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Next asking staff to work in closed stores despite Government's COVID-19 guidance

Next wants staff to work in closed stores for its online operation Credit: PA

High street fashion retailer Next is offering to pay staff 20% extra if they work in stores today (Wednesday 25th March), despite the Government's coronavirus guidance urging people to stay at home unless it's absolutely essential.

The chain, based in Enderby in Leicestershire, is asking workers to travel to closed sites and pick clothes to fulfil online orders.

According to a letter seen by the Press Association, Next told staff that the work needed to be done "to keep the company operating".

But some staff have questioned whether this counts as an 'essential' job, given the guidelines saying all unnecessary travel should not take place.

The Prime Minister said on Monday that all shops should close, apart from a few exemptions, including grocers, pharmacies, pet shops, bicycle shops and hardware stores.

Next had already decided to close it's stores on Monday.

However, retailers can still trade online, but it's led to further pressure on the Government to intervene to clarify.

The letter, sent on Tuesday night, said: "We need to keep the online business functioning to be certain that Next emerges from this short term crisis."

"To help us, we are looking for a small number of staff to attend work to pick and process the stock in our stores that customers have purchased online and keep the online business going. We will only look to achieve this on a voluntary basis."

"We fully understand that many of you have great concerns about attending work. Please let me reassure you that we are in no circumstances going to ask anyone who is unsure about coming to work to do so."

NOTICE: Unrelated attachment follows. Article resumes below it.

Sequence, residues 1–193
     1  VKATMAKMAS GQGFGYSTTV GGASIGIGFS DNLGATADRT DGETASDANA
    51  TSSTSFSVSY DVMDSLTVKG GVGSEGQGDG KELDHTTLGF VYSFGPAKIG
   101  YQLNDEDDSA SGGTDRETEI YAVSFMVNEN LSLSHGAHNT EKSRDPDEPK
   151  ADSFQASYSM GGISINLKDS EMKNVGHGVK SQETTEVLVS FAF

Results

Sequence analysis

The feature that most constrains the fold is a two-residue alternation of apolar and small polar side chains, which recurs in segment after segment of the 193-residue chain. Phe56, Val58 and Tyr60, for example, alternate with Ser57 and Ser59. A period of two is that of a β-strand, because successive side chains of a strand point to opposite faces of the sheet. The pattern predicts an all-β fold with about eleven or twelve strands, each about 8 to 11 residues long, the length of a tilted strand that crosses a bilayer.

"We desperately need your support to keep the company operating and we hugely appreciate your help in this."

"If there are any reasons why you personally feel that it is not appropriate for you to work, we will be understanding. For example if you are caring for a vulnerable person at your home, if you cannot manage your childcare, if you cannot travel safely to work, or any other reason."

Further on, it said: "To show our appreciation, if you attend work you will be paid an additional 20% of your basic rate of pay for all hours worked until Saturday 11th April."

Bosses also laid out measures to ensure social distancing and a clean work space, with limits on the number of people in each store, and rules that items are only touched by one person.

Today, a spokesman for Next stressed that the arrangements were completely voluntary, with no obligations for anybody to turn up for work.

"A very small number of staff at any one time are required to help with online orders.

This will enable social distancing whilst these tasks are performed."

– Next spokesman

The company had previously wanted to be classed in the 'essential' category, but added today that "the Government has now told us otherwise and before it did, Next had already closed all its stores."

It comes after Derbyshire-based Sports Direct faced heavy criticism over its initial attempts to remain open as an 'essential' business, claiming it was vital to keep the nation fit during the lockdown.

Bosses later did keep stores closed, but also raised prices on dozens of exercise products.

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